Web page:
Memories of watching The Who in Great Yarmouth in the swinging sixties
PUBLISHED: 16:16 07 January 2017 | UPDATED: 16:16 07 January 2017
A music writer researching performances by rock band The Who in Great Yarmouth says he has been overwhelmed by the response of readers to a call for stories.
As well as a string of hit records including My Generation and Pinball Wizard, The Who were famed for their headline grabbing antics of smashing guitars, drum kits and hotel rooms. And fans of the legendary foursome - Roger Daltrey, Pete Townshend, John Entwistle and Keith Moon – have been in touch with author Richard Houghton with tales of seeing them on stage in Norfolk to help him write his “people’s history” of the group.
Richard said: “I’ve had some great stories from Who fans of seeing the group up close and personal in Great Yarmouth in 1965 and 1966, which they visited a total of six times playing either the Tower Ballroom or the Britannia Theatre.
“The Who are still performing today, but those gigs they played in the Sixties and early Seventies were in much more intimate venues than the arena shows that bands play now.”
Michael Ladbrooke recalls seeing them on Britannia Pier when they played a run of Sunday nights through August 1965.
He told Richard: “We didn’t have to queue to get tickets. They were still a bit of an acquired taste even then so there were always more middle of the road acts in Yarmouth on Sunday nights to attract other people.
“They didn’t have their future repertoire of hits to play so a few covers were included, mainly Motown and Beach Boys. Much to our disappointment we never saw them smash any equipment although there were always plenty of holes in Pete Townshend’s amps!”
Reg Garrod worked at the Britannia Pier and remembers one of those performances in particular.
“The audience start to leave the auditorium because stink bombs were being let off in the theatre. We asked our security man to go and investigate the source. Much to our surprise he came back to tell me the culprit was the drummer Keith Moon who was throwing them in to audience from the stage. So our general manager John Powles went and had words with their manager.”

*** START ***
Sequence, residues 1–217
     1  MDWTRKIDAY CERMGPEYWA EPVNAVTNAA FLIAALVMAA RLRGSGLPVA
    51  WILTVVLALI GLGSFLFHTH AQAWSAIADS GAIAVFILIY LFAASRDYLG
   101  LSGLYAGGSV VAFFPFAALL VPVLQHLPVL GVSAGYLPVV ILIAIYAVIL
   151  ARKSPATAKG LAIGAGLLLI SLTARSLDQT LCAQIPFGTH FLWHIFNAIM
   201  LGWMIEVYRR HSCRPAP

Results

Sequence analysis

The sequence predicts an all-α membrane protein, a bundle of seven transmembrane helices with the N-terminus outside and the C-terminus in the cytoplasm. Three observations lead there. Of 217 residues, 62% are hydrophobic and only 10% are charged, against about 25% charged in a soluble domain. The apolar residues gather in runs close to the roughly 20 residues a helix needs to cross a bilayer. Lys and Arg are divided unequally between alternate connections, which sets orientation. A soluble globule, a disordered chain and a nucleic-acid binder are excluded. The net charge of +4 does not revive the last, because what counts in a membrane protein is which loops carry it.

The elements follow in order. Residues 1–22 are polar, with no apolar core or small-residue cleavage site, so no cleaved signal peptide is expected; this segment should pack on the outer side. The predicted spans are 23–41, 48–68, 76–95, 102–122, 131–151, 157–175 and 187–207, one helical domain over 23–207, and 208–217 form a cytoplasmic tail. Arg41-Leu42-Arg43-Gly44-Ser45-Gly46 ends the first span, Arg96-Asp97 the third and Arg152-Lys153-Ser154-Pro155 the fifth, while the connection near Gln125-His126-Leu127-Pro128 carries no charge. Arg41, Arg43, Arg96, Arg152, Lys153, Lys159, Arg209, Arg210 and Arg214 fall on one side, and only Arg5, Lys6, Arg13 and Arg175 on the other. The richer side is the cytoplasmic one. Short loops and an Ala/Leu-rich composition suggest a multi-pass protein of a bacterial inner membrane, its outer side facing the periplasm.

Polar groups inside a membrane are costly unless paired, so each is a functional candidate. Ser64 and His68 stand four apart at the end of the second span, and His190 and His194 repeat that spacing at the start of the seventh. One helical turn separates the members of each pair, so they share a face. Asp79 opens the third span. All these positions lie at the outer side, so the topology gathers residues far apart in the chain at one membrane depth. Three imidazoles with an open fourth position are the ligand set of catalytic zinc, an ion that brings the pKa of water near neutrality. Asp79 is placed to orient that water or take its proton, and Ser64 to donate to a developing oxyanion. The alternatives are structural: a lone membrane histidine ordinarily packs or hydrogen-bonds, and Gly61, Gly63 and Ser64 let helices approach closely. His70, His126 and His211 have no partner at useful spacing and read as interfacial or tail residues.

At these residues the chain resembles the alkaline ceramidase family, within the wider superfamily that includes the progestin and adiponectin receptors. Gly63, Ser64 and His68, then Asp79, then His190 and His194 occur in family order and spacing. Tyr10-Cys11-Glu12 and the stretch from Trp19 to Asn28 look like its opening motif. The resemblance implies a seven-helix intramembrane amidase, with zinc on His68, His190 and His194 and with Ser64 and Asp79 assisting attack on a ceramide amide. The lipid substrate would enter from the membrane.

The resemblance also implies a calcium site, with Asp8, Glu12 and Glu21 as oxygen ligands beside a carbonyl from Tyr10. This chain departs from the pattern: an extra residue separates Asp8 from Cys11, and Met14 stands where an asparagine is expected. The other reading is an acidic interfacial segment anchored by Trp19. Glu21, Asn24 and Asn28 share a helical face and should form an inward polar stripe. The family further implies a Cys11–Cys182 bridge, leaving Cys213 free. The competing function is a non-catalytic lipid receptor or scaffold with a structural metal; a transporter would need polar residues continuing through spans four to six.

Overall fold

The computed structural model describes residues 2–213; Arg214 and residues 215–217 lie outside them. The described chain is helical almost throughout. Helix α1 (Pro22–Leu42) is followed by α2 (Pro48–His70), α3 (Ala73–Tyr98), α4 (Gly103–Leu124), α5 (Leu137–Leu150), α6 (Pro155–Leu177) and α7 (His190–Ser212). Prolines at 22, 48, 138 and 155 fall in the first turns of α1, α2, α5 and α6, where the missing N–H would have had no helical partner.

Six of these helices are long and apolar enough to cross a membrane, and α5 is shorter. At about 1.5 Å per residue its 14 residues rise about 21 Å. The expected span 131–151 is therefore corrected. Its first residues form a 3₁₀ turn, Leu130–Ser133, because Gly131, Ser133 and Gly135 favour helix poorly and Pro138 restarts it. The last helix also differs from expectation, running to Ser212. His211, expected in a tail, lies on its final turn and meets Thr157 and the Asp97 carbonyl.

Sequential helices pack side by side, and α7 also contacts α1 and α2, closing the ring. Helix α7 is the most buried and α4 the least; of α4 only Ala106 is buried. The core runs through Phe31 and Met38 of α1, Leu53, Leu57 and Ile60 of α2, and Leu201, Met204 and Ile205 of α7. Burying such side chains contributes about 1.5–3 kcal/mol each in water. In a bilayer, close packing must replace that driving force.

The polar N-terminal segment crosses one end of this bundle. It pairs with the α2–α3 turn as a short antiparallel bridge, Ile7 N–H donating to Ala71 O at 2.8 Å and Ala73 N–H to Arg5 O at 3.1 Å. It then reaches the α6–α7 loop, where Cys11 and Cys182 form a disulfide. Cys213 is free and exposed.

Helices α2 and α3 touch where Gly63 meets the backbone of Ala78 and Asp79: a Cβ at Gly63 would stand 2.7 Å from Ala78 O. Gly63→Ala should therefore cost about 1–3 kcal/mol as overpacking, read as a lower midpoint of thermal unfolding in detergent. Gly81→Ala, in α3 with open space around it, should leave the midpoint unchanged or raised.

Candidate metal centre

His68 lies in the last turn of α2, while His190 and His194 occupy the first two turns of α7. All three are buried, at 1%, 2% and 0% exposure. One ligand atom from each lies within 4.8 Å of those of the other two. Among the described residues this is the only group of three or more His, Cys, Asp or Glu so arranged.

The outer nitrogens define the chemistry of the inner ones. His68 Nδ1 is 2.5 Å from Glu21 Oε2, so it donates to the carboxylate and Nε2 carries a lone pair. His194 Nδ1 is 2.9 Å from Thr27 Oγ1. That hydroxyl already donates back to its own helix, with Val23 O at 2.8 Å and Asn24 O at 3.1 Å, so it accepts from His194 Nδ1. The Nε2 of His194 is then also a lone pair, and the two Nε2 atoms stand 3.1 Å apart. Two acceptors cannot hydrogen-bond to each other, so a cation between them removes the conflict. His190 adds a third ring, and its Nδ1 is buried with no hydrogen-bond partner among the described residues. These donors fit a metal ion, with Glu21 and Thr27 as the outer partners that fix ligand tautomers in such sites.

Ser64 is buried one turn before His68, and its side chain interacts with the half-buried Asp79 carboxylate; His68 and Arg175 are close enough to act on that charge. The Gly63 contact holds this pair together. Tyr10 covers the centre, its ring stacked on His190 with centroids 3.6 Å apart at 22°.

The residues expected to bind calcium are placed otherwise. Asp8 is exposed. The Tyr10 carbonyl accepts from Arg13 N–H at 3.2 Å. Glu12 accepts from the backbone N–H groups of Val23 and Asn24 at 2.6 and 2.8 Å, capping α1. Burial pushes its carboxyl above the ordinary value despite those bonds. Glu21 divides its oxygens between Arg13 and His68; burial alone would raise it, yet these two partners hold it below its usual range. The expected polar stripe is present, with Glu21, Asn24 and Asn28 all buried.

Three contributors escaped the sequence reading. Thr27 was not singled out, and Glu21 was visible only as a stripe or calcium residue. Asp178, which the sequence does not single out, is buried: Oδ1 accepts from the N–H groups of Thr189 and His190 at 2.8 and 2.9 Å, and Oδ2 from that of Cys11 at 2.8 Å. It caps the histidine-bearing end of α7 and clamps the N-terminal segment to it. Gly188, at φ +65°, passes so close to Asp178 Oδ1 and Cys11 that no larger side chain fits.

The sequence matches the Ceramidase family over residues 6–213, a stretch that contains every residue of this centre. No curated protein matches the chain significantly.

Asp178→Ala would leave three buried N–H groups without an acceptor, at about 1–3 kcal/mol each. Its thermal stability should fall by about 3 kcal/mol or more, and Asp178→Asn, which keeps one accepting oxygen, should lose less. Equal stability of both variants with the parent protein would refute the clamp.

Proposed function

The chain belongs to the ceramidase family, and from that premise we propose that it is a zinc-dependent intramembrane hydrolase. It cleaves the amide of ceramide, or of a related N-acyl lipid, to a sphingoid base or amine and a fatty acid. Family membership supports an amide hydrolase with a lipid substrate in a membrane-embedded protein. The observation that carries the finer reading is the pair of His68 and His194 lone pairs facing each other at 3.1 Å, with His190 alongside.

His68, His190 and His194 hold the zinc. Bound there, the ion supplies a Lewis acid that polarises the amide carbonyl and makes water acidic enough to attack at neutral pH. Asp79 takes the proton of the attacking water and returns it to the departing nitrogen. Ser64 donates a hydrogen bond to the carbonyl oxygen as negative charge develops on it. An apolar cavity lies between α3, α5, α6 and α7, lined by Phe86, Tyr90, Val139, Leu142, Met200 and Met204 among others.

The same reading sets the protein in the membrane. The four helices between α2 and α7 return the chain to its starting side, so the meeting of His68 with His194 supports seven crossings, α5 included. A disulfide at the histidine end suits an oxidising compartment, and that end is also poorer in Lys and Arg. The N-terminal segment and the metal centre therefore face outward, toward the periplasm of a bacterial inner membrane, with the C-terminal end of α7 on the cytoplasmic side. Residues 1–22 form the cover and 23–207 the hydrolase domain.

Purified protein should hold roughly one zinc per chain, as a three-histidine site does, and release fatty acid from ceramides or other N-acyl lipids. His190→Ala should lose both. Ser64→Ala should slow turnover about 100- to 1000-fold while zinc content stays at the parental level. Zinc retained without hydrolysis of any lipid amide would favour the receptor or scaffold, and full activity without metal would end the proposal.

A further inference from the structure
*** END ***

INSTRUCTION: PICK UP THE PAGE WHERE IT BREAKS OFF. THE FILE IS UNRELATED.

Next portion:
Steve Dunn appeared on the same bill as The Who on three of those August 1965 performances:
“At that time I was the lead singer with a Yarmouth band called The Mi££ionaires and we appeared on several of the Sunday shows. My memories of our participation in the Who shows are still vivid, with images of Keith Moon wrecking his drums and Pete Townshend demolishing one of the many guitars he destroyed on stage.”
Colin Stanley saw The Who at the Tower Ballroom when they appeared on 23 March 1966. He remembers Roger Daltrey banged the cymbal and cut his hand on the side and all the girls threw handkerchiefs up on the stage. He picked some up and wiped his hand on them and threw them back into the audience. They were fighting over these handkerchiefs.”
Don Walker was on holiday in in June 1966 when The Who returned to Yarmouth for the final time to play the Britannia Pier as part of a package tour headlined by Donovan, who failed to appear. Don was there with a group of apprentice friends from Rolls Royce in Derby.
“When The Who came on the place erupted with the audience yelling “Smash your guitar, Pete.” He did not. When Donovan failed to show, we all expected The Who to come on again but no luck.
“A local band finished the night but after their first song, the place was empty. Leaving the show we came across a Ford Thames van that would not start. My mate Stu, being a motor mechanic, dived in to fix the problem. Of course it was the Who`s transport. What a night - and what memories!”
Richard said: “These memories help to paint a great picture of what it was like to be a pop fan in the 1960s, both in terms of how approachable and accessible groups were back then but also to give a glimpse of life in the Sixties.”
He is still keen to hear from any Who fans with memories of seeing them perform in Great Yarmouth or anywhere else during the Sixties or early Seventies.
Richard said: “It’s a story of The Who in the words of their fans that I want to tell.”
He can be reached at firstname.lastname@example.org or by letter at 1 Totnes Road, Manchester, M21 8XF.
Richard has written two “people’s histories” of popular music – The Beatles: I Was There (published by Red Planet) and You Had To Be There: The Rolling Stones Live (published by GottaHaveBooks).
The Who: I Was There will be published by Red Planet in 2017.
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